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Are Honeybees Closing Chicago's Skills Gap?
North Lawndale Employment Network provides valuable skills training
North Lawndale, a historic Chicago neighborhood grappling with high rates of unemployment, is getting a much-needed opportunity. Thanks to the North Lawndale Employment Network (NLEN), residents are benefiting from essential job skills training and employment placement opportunities. The agency served 1,978 people in the 2015 fiscal year, resulting in 620 people securing full-time employment and part-time employment.1
NLEN's skills training program continues to translate to more than just jobs. Unemployment rates are beginning to dip, residents are retaining their jobs, and overall quality of life is on the rise.2 By all accounts, the North Lawndale community is starting to bounce back.
Essential skills training translates to more than just jobs.
The North Lawndale community is starting to bounce back. Unemployment rates are beginning to dip, residents are retaining their jobs and overall quality of life is on the rise.
JPMorgan Chase's ongoing support for workforce initiatives has bolstered the agency's efforts. "The transformative impact that our work and JPMorgan Chase's help has had over a period of time has been astounding. We have been successful because JPMorgan Chase didn't expect a miracle in year one-our growth was over a period of time for real lasting impact," says Brenda Palms Barber, Executive Director, NLEN.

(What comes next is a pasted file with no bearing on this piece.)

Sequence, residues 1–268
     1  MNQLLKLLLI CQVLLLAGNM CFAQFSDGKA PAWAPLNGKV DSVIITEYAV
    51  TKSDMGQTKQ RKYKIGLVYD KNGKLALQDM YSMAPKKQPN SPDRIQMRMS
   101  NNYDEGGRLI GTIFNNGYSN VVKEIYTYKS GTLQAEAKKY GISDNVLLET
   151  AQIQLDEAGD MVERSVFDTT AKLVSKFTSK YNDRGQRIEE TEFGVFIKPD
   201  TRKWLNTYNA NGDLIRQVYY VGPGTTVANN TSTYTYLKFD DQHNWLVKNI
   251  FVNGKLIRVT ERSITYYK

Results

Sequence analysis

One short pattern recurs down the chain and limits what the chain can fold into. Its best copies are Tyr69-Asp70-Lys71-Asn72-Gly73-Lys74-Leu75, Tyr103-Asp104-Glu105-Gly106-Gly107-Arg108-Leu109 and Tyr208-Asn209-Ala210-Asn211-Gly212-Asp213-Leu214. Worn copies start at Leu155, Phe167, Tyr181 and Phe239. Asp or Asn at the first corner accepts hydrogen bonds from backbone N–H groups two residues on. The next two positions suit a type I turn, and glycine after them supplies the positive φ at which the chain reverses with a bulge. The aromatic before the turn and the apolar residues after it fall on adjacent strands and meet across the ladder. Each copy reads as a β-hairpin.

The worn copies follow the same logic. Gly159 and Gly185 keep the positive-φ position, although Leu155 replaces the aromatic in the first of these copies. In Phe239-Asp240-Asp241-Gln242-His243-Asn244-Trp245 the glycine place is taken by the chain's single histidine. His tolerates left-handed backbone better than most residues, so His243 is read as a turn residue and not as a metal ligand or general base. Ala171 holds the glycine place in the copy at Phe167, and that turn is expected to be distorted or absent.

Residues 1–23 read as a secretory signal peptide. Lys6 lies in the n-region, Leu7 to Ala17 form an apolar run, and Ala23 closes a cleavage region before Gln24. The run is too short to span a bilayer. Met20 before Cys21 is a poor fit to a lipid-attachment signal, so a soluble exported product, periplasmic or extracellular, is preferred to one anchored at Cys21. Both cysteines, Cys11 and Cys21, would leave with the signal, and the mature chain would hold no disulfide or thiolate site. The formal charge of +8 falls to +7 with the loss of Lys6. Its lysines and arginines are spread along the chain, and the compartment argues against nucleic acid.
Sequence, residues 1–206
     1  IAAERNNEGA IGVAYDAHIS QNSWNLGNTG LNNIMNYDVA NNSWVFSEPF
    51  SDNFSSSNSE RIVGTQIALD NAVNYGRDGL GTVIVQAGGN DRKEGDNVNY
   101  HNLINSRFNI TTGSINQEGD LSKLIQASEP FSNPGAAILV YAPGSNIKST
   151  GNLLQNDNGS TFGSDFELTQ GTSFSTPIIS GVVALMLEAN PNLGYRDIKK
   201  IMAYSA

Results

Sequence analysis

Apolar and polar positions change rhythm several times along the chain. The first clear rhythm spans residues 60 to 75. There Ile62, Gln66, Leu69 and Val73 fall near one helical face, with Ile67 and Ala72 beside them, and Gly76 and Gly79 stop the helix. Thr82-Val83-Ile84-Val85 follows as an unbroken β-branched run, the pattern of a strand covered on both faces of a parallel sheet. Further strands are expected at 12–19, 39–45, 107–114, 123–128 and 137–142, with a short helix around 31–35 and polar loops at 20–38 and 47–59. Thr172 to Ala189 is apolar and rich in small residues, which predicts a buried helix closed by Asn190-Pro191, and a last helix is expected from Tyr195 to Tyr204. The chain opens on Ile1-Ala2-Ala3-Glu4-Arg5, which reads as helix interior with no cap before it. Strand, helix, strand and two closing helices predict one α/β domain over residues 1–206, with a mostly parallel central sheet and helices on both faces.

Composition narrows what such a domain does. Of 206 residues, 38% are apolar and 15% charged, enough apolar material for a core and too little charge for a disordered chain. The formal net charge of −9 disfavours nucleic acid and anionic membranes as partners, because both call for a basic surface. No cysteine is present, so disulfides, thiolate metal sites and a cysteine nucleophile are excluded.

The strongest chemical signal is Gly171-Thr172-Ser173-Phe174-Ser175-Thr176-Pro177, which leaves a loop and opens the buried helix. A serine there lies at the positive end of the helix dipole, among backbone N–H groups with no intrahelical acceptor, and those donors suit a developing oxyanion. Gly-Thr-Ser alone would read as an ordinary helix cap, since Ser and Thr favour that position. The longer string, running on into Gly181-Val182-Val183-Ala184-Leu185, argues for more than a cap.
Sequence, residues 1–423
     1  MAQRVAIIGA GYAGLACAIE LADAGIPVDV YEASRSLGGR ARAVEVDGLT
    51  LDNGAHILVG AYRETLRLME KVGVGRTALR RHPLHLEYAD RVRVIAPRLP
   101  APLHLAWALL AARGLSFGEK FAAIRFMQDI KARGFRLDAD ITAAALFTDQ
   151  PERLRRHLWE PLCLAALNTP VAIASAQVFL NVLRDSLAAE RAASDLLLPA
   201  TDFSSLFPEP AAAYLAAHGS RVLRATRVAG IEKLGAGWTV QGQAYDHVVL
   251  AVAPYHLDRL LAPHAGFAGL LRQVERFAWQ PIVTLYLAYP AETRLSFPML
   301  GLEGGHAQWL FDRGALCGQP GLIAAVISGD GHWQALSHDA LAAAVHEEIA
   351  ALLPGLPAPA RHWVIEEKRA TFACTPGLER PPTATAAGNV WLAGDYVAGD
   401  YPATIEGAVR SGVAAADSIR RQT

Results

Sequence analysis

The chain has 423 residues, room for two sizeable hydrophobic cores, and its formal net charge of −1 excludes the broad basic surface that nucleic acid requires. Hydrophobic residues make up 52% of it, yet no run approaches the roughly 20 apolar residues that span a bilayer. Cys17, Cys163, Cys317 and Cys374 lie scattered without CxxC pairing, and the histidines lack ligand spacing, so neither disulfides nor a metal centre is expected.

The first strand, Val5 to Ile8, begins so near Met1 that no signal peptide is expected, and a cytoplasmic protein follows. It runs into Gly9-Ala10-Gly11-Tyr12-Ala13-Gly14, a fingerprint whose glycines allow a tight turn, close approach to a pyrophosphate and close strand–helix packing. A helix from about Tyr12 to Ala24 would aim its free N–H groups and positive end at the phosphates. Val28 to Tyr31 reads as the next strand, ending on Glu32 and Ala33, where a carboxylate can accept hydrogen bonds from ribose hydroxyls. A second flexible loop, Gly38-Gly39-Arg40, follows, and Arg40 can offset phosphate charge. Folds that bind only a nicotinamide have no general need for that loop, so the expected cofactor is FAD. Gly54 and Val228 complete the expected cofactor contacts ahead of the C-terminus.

Grants coupled with a $100,000 line of credit extended to NLEN boosted the organization's bottom line-which grew from a $1.2 million operating budget to $2.3 million3 - and helped launch Sweet Beginnings, a local honey business designed to create employment for NLEN participants with a felony conviction in their past. The business has four honey-producing apiaries in the Chicago area, with the most recent location at the Cook County Forest Preserve. Natural honey and honey-infused skincare products are sold under the beelove™ brand name at local markets, online and at Mariano's, Hudson's and Whole Foods.
Participants work at Sweet Beginnings for 90 days and learn every facet of the business-from farming and harvesting to inventory management and sales. The skills acquired translate to other positions in manufacturing, distribution and hospitality. The recidivism rate for former Sweet Beginnings workers is just 6 percent, well below the Illinois average of 52 percent3.
Daniel S., Managing Director, Corporate Responsibility Midwest Region
In 2015, the NLEN initiative Moving Forward partnered with the city's public transportation agency, the Chicago Transit Authority (CTA). The pilot program trains people with histories of prior legal offences to fill diesel mechanic positions within the CTA or in the private sector. Such positions can pay about $30 an hour, plus benefits1. The support from JPMorgan Chase allowed NLEN to develop a coaching model for the Moving Forward participants, so they receive essential support during programming and for as long as needed after they are hired.
For more information about North Lawndale Employment Network, visit: www.nlen.org.